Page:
As part of an effort to ensure that the military and public can get rapid access to vaccinations for multiple infections, Inovio Pharmaceuticals (NYSE MKT: INO) has received a $3.5 million grant from National Institute of Allergy and Infectious Diseases, according to a company statement.
The grant will help the company advance its drug delivery platform for synthetic vaccines. It uses an electrical charge to make cell membranes more porous in order to introduce a molecule or DNA code to change the cell’s function, a method called electroporation. It transmits the charge through a scratch on the skin surface.
Inovio Pharmaceuticals, based in Blue Bell, Pennsylvania, is working on the project in collaboration with Dr. Connie Schmaljohn, chief scientist at the U.S. Army Medical Research Institute of Infectious Diseases. It will use the funds to construct an electroporation device to painlessly deliver multiple vaccinations at once. That device will help advance Inovio’s other vaccines it’s developing, such as one that could combat all flu strains, referred to as “universal flu,” as well as an HIV vaccine.
So far, a team of researchers from Inovio has collaborated with scientists from the U.S. Army Medical Research Institute of Infectious Diseases to advance a DNA vaccine for the Lassa virus, designated as a “Category A” pathogen by the Department of Defense, according to the statement. It’s an acute viral illness endemic to portions of West Africa transmitted through rodent droppings. It has a relatively high mortality rate and can cause deafness, according to the Centers for Disease Control.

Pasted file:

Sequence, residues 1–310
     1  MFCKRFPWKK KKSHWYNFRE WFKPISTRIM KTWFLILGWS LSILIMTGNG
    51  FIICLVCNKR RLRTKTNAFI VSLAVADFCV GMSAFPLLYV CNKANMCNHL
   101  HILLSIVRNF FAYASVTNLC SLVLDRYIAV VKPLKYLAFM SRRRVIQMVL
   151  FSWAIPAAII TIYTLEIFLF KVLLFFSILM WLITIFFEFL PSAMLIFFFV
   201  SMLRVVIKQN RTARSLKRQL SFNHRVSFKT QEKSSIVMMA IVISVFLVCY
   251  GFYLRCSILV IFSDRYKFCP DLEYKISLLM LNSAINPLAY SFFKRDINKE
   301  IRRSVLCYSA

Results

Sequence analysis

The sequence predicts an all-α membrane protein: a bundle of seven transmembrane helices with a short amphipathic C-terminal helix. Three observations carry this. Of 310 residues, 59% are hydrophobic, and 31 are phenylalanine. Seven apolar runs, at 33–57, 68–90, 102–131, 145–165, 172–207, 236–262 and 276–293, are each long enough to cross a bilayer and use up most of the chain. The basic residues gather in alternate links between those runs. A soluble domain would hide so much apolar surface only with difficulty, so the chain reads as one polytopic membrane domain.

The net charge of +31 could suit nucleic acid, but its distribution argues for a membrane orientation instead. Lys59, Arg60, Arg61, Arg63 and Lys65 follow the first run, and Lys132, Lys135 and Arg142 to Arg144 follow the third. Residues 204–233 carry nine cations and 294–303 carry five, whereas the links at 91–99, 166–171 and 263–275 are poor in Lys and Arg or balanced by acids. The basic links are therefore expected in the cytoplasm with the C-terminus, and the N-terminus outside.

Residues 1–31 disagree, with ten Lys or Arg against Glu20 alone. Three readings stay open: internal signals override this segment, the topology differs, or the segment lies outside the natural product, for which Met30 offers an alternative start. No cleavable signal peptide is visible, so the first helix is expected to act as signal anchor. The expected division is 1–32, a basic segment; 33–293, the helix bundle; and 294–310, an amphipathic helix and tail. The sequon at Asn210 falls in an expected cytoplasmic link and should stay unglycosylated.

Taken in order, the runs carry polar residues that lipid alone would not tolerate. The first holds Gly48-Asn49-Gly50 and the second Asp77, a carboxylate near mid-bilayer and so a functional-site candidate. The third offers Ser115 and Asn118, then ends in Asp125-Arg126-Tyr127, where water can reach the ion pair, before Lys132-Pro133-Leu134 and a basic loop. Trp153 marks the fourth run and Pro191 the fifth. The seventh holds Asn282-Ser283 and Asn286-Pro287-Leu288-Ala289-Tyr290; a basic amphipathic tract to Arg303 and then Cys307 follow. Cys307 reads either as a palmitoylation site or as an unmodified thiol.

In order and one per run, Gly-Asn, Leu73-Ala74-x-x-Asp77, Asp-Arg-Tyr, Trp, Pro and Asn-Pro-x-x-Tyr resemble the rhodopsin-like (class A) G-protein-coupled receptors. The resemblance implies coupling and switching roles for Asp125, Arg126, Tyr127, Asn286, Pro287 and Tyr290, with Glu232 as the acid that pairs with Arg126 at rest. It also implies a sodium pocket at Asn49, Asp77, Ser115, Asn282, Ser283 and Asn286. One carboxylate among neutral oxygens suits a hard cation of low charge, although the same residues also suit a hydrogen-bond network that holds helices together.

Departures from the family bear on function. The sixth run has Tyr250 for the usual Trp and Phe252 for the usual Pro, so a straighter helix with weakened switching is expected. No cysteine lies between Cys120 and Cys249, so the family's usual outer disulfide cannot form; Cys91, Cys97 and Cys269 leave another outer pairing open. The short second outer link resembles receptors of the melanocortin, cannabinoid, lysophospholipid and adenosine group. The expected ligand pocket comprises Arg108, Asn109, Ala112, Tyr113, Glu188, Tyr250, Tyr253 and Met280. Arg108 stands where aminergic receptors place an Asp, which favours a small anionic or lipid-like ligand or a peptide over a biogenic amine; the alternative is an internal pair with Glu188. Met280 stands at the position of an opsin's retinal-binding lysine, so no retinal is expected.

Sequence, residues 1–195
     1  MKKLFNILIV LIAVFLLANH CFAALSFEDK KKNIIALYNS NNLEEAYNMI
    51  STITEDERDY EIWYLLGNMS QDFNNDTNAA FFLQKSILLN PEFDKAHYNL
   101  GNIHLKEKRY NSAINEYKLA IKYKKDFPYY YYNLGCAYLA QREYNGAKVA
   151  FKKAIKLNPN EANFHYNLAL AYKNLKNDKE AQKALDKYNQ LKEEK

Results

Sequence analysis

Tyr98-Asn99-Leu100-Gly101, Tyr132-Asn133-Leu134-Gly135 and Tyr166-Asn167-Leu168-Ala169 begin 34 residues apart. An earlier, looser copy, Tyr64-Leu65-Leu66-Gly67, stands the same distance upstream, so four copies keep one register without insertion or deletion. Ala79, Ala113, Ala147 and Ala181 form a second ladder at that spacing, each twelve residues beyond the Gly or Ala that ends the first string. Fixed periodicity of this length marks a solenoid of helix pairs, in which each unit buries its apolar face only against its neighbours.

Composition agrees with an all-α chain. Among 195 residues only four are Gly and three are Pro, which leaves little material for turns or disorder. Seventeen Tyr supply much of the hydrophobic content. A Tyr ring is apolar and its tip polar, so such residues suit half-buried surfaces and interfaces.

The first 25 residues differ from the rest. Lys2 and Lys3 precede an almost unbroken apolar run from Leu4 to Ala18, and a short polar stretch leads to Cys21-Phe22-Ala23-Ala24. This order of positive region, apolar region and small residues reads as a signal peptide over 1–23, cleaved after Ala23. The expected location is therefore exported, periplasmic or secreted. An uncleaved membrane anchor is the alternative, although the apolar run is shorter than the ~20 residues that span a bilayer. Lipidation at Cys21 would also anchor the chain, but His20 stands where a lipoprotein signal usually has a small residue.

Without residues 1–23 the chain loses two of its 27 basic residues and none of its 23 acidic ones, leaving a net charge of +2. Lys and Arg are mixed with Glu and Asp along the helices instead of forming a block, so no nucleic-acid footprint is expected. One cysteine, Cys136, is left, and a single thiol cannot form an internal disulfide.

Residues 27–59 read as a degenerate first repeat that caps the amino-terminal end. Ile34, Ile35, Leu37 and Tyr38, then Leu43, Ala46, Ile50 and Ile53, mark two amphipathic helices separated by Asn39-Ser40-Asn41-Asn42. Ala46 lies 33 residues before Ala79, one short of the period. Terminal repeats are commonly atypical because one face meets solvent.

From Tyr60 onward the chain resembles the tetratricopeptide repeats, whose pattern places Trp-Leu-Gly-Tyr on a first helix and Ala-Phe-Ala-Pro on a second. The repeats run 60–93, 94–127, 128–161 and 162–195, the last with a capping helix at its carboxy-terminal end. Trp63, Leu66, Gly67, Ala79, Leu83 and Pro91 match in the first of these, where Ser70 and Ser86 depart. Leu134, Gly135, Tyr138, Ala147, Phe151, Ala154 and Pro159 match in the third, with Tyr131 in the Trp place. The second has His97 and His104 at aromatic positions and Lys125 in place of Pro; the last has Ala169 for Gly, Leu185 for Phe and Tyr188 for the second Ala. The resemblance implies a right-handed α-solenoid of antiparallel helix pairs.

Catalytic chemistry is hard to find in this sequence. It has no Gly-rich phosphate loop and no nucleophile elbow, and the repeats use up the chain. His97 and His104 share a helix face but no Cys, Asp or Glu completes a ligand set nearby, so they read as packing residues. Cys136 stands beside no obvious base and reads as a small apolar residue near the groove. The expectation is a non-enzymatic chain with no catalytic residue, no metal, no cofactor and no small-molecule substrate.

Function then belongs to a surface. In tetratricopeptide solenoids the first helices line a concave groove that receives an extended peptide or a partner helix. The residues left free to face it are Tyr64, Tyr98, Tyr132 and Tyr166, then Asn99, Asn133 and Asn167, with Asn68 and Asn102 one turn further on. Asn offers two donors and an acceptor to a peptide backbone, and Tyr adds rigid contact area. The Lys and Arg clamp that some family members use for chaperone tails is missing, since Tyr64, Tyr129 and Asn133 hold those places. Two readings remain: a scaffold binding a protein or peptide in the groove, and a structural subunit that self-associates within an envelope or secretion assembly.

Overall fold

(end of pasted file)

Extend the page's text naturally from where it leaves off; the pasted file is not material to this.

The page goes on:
Among the synthetic vaccines in its pipeline, Inovio has two in Phase 2 development including one for cervical cancer caused by HPV. Last month it raised $15 million to advance the vaccine through Phase 2 trials and expects to have data available in the beginning of 2014. It also has a leukemia vaccine. Additionally, it is collaborating with Chron Tech Pharma, providing its drug delivery platform for the company’s Hepatitis C vaccine.